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The Antithesis of Dividend Investing

Tom Hendrickson May 22, 2015


If you’ve been reading these pages for any period of time, you’ll know a favorite quote of mine is an old Charlie Munger classic, “invert, always invert”. I use the concept often, looking to turn things upside down, in a non-literal way, to ensure a full perspective is gained in a manner that is as objective as possible.

There’s no better philosophy for us as long-term, income-oriented, fundamentally driven investors looking to build wealth the old fashioned way—no, not inheriting it. We do this through a consistent application of our craft that is underpinned by the ability to not be distracted by the “next shiny thing”.


The Next Shiny Thing…


You might not believe me, but I’ve been following the cohort of 3-D printing stocks since way back in the early to mid-2000s. And that’s not actually that long ago; Stratasys (SSYS), one of the publicly traded companies in the space, has been trading on the Nasdaq since way back in 1994, five years after being founded.

(Brief aside on the origins of Stratasys: In the words of their Wikipedia page contributor, “The idea for the technology came to (S. Scott) Crump in 1988 when he decided to make a toy frog for his young daughter using a glue gun loaded with a mixture of polyethylene and candle wax. He thought of creating the shape layer by layer and of a way to automate the process.”

But you might be asking yourself, why is a fundamental, dividend-oriented investor, a through and through price and value guy, looking at 3-D printing stocks?


Invert Always Invert

stock chart of SSYS, DDD and VJET

Jesse Livemore: Understand Thy Self


There was a pithy Q&A piece recently in the NYT where Andrew Ross Sorkin asked Bill Gross a few questions. In one of his answers Gross pulled out a time tested Jesse Livermore reference, which gets to how important the psychology of investing is — not so much everyone else’s psychology, but your own. Paraphrasing Livermore, Gross noted, “the most important thing in investing was to know yourself — your weaknesses, your flaws and your strengths.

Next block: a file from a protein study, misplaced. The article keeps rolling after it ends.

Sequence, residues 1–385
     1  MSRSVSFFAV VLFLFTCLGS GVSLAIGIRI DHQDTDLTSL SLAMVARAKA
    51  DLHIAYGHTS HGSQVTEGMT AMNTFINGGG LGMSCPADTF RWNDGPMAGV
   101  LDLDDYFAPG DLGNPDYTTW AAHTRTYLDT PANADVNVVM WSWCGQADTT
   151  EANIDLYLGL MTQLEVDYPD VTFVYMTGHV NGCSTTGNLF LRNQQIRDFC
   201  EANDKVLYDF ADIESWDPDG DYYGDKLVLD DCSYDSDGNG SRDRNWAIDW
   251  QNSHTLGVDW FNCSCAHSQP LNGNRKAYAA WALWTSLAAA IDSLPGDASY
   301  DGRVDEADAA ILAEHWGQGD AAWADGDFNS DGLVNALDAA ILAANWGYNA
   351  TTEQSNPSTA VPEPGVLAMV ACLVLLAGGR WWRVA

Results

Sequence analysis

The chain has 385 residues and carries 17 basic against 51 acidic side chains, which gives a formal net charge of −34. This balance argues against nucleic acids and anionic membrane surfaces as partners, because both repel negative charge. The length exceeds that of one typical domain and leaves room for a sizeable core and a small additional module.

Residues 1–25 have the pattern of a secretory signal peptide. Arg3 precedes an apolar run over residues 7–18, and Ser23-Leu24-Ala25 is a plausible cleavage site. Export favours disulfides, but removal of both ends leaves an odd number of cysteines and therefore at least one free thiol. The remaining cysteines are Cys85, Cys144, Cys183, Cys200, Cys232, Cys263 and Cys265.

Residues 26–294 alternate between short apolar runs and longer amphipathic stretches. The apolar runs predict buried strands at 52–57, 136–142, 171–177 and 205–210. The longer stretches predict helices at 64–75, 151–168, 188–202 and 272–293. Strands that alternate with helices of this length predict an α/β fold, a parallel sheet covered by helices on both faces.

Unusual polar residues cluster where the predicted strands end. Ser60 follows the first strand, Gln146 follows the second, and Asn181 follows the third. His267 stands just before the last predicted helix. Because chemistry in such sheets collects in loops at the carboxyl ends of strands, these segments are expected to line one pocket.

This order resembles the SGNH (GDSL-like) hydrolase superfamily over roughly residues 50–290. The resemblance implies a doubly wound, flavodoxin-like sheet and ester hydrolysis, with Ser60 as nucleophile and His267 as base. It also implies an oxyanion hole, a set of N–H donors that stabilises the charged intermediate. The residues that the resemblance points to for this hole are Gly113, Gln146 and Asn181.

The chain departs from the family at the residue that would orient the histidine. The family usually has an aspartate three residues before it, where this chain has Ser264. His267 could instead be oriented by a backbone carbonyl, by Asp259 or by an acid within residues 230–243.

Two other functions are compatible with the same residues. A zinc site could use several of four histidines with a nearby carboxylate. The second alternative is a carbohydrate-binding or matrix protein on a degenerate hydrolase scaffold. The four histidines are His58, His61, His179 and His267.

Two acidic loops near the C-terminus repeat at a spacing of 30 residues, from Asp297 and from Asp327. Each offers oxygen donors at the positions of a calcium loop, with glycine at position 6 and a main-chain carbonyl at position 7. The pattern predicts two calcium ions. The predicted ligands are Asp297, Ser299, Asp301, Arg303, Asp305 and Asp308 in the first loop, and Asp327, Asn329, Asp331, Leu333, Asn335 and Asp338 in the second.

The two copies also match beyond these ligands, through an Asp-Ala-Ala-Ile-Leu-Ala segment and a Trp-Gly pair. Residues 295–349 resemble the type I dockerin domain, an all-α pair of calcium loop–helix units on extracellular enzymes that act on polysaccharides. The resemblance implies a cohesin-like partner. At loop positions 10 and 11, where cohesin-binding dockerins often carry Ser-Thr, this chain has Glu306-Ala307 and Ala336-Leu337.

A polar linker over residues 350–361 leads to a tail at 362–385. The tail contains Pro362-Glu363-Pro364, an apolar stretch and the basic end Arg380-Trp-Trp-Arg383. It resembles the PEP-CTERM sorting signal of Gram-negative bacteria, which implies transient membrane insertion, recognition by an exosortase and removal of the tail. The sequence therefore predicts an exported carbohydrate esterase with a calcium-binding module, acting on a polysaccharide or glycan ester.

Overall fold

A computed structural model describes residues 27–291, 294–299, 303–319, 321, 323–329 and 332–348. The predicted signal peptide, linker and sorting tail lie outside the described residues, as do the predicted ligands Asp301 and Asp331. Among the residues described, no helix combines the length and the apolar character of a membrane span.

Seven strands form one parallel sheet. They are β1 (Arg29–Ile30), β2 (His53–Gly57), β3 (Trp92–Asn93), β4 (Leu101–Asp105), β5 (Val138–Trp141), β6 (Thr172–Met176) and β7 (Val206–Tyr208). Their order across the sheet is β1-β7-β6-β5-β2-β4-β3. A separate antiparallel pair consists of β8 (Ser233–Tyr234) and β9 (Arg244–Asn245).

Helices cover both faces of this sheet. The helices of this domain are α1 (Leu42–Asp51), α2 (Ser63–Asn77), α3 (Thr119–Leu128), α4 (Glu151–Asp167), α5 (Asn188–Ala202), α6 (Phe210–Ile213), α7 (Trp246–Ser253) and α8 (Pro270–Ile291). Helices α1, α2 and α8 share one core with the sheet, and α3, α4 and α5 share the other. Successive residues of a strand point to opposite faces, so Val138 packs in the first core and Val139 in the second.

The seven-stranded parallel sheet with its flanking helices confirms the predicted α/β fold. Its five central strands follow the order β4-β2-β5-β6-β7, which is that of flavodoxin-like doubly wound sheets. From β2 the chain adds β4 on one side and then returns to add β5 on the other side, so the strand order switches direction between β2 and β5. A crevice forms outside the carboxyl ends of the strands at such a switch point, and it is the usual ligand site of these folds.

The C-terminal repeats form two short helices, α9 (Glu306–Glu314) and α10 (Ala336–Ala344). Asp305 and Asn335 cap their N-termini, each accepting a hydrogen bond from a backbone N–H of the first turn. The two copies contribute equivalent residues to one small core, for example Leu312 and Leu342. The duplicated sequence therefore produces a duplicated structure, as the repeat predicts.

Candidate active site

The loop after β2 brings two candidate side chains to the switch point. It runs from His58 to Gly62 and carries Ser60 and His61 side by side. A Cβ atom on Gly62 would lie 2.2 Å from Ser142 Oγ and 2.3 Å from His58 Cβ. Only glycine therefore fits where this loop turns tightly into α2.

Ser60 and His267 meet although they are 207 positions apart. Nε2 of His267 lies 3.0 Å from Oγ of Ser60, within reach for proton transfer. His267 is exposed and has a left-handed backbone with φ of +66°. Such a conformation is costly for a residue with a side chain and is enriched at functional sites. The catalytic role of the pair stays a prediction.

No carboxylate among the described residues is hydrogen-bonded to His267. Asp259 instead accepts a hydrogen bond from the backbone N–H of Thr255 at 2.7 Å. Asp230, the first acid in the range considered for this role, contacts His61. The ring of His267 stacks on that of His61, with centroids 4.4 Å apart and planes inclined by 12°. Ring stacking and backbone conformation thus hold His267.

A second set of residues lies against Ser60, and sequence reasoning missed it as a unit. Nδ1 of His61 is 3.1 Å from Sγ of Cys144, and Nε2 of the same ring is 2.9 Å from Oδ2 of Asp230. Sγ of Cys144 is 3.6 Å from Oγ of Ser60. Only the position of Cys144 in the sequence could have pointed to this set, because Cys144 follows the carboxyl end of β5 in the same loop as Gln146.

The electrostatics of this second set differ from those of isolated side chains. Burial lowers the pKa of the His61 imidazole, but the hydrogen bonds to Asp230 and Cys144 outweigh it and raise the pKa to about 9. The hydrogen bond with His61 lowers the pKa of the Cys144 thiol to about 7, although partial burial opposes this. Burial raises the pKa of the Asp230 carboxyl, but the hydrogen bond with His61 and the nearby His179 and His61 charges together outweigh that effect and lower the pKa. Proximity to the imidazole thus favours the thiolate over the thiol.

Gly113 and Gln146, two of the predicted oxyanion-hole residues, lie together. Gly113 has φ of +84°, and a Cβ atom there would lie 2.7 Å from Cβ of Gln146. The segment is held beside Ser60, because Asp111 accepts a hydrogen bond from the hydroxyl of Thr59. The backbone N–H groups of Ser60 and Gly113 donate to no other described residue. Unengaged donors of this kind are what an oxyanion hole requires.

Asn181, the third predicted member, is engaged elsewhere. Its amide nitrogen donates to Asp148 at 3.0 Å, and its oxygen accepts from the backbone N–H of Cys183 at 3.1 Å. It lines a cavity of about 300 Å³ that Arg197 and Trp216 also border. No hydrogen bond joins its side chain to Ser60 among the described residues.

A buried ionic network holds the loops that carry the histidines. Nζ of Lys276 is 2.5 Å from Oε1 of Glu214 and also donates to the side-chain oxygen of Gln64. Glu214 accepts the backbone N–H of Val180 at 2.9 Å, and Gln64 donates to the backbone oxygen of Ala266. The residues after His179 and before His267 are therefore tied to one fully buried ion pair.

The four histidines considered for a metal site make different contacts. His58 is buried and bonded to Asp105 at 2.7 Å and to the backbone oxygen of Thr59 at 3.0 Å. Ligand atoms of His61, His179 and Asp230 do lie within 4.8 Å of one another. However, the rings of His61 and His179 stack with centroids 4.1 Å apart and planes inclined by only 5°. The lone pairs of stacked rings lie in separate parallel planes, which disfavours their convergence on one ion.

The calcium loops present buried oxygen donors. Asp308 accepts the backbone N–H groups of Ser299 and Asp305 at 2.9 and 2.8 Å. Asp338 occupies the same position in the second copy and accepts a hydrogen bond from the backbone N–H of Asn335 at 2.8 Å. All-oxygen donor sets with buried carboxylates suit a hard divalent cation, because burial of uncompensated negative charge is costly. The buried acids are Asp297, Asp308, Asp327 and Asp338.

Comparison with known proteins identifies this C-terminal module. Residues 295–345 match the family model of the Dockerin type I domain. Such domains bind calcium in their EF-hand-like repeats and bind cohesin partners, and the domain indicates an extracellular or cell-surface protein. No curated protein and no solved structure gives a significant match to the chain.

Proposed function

Here’s what I’ve found out about myself, I’m a very lousy market timer. I’m not a growth stock guy. I’m not a ’what’s got the most momentum behind it and let’s trade in and out and make some money on the stock, guy". I’ve looked at the 3-D printing business for the past 10 years trying to figure out the “there… there”. When the group ran up considerably in 2012 and 2013, I just didn’t get it. Why? How was it that 3D systems, for example, was a $90 stock in late 2013?

The short answer is: it wasn’t—longer term at least. I need reminders of the fact that I won’t be able to time the entry and exits of stocks or cohorts of stocks like this and consistently make money. I need to leave that for others, as I am sure there are many a-person who made quite a bit of money on these companies.

There wasn’t any there there; the hype was overblown and the valuation absurd for the underlying economics of the business. The stock’s price reflected unrelenting optimism about the industry and businesses potential, but it lacked substance.


The Antithesis of Dividend Investing


The point, of course, is that when we invert our “boring”, “time-tested” strategy of looking for companies with strong fundamentals, including solid management teams, track records of long term, diversified product success and a history and adherence to returning at least a healthy level of returning capital to shareholders via consistent dividends, we see things like the 3-D printer fad. Chasing growth, knowingly over-paying on valuation in the spirit of momentum and betting on our ability to trade out of the stock before an inevitable crash. That ain’t us. That ain’t me. If you’re reading this, that almost certainly ain’t you. As long-term investors I choose to believe we sleep better as we rarely mull over the shoulda, woulda, coulda’s of a missed entry or exit of a shiny new stock.

Know thyself — a Socratic philosophy reinterpreted by Jesse Livermore for smart investing. Well played Mr. Livermore, well played.

During this Memorial Day long weekend we encourage everyone to acknowledge the holiday’s importance and recognize the brave men and women who have served the United States in the name of ensuring it’s independence and freedom. Enjoy the weekend with friends and family, but please don’t gloss over the underpinnings of why Monday is a national holiday.

Talk to you next week!

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